Uber said Sunday that it agreed to move forward on a proposed investment from SoftBank Group. But SoftBank Investment Advisors sent a statement to reporters on Monday on behalf of CEO Rajeev Misra, emphasizing that it could still walk away.

“After a long and arduous process of several months it looks like Uber and its shareholders have agreed to commence with a tender process and engage with SoftBank. By no means is our investment decided. We are interested in Uber but the final deal will depend on the tender price and a minimum percentage shareholding for SoftBank.” 

In other words, the price has not been determined for the tender offer and SoftBank wants to make it clear that it’s still negotiating. The company would potentially buy $9 billion worth of shares from existing shareholders at this price and it would include both common and preferred shares.

SoftBank would also be investing $1 billion directly in Uber as an extension of the last Series G round, at its last private valuation of nearly $70 billion. SoftBank is said to want to own 14% of the company.

SoftBank’s Monday statement was in response to Uber’s Sunday statement about moving forward on an agreement with SoftBank. This is what we were provided with.

“We’ve entered into an agreement with a consortium led by SoftBank and Dragoneer on a potential investment. We believe this agreement is a strong vote of confidence in Uber’s long-term potential. Upon closing, it will help fuel our investments in technology and our continued expansion at home and abroad, while strengthening our corporate governance.”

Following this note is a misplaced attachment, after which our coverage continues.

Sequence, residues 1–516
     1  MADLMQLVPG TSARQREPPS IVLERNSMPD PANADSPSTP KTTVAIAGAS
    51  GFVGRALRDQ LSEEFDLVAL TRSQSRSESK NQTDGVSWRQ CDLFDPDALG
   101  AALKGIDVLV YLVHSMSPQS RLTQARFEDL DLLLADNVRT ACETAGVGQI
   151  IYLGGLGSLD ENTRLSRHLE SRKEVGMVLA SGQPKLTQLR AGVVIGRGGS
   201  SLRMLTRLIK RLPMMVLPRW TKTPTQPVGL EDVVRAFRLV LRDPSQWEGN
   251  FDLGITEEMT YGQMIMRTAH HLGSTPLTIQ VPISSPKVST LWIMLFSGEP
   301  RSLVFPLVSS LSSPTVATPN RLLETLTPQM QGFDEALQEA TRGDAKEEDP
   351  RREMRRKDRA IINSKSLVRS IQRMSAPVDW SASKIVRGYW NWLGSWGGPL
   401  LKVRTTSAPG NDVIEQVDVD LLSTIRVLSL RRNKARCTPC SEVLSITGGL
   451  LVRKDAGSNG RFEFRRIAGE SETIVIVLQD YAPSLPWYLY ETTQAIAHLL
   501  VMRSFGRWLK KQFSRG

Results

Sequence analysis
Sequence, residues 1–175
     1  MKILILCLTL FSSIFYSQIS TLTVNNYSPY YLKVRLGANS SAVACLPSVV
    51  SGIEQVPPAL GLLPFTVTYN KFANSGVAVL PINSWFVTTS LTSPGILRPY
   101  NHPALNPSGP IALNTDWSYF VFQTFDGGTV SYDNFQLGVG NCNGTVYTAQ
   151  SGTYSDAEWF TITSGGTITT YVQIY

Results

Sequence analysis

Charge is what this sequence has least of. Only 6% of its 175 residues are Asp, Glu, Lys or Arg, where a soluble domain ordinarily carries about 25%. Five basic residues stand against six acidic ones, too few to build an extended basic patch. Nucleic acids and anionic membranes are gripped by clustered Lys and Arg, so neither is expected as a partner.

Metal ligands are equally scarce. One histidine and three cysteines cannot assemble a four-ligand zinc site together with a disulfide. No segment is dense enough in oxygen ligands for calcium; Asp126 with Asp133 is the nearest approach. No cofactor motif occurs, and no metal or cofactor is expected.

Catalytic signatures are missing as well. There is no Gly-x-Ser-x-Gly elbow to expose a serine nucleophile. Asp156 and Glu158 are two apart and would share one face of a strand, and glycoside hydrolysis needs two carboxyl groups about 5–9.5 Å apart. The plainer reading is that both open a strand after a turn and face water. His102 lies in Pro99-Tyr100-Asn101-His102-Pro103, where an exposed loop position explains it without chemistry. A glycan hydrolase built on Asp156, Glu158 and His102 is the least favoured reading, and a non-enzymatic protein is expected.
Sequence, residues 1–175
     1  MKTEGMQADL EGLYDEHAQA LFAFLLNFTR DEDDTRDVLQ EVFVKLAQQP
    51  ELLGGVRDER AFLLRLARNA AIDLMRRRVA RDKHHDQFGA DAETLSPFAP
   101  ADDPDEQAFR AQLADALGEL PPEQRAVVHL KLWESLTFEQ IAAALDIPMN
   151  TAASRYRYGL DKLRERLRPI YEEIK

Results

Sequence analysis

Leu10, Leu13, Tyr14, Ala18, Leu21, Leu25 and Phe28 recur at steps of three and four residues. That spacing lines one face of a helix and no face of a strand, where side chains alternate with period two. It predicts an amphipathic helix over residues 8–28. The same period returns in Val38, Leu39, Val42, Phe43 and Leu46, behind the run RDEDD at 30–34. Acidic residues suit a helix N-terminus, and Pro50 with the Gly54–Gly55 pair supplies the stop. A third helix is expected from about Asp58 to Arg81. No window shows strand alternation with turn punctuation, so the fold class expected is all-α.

Uber and SoftBank have been discussing this potential deal for months. Part of the delay has related to determining former CEO Travis Kalanick’s board role. Sources tell us that investor Benchmark Capital has agreed to drop the lawsuit against Kalanick if the SoftBank deal goes through.

The lawsuit related to his power to appoint three board seats, including Kalanick’s. Ursula Burns and John Thain were recently appointed to the seats, without board consensus. Should one of them give up their spot, Kalanick will now require a board vote to approve the replacement

Kalanick was pressured to step down in June after concerns were raised about its company culture. Uber has also had a lot of legal battles, including a patent lawsuit with Waymo, Alphabet’s self-driving car division.

The new funding would help Uber accelerate growth ahead of an IPO, which recently named CEO Dara Khosrowshahi said is expected to happen in 2019.

Featured Image: Tomohiro Ohsumi/Getty Images



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